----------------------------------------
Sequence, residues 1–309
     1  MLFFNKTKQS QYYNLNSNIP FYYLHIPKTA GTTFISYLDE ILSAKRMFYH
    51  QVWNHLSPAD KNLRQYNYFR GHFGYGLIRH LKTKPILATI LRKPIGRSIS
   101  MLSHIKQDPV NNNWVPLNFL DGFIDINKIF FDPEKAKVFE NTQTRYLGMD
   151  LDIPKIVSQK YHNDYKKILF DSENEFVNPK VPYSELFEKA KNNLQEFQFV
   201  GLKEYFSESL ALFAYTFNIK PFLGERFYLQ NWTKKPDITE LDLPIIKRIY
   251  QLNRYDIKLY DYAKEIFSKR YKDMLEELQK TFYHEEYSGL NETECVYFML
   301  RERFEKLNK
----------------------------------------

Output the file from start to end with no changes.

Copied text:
Sequence, residues 1–309
     1  MLFFNKTKQS QYYNLNSNIP FYYLHIPKTA GTTFISYLDE ILSAKRMFYH
    51  QVWNHLSPAD KNLRQYNYFR GHFGYGLIRH LKTKPILATI LRKPIGRSIS
   101  MLSHIKQDPV NNNWVPLNFL DGFIDINKIF FDPEKAKVFE NTQTRYLGMD
   151  LDIPKIVSQK YHNDYKKILF DSENEFVNPK VPYSELFEKA KNNLQEFQFV
   201  GLKEYFSESL ALFAYTFNIK PFLGERFYLQ NWTKKPDITE LDLPIIKRIY
   251  QLNRYDIKLY DYAKEIFSKR YKDMLEELQK TFYHEEYSGL NETECVYFML
   301  RERFEKLNK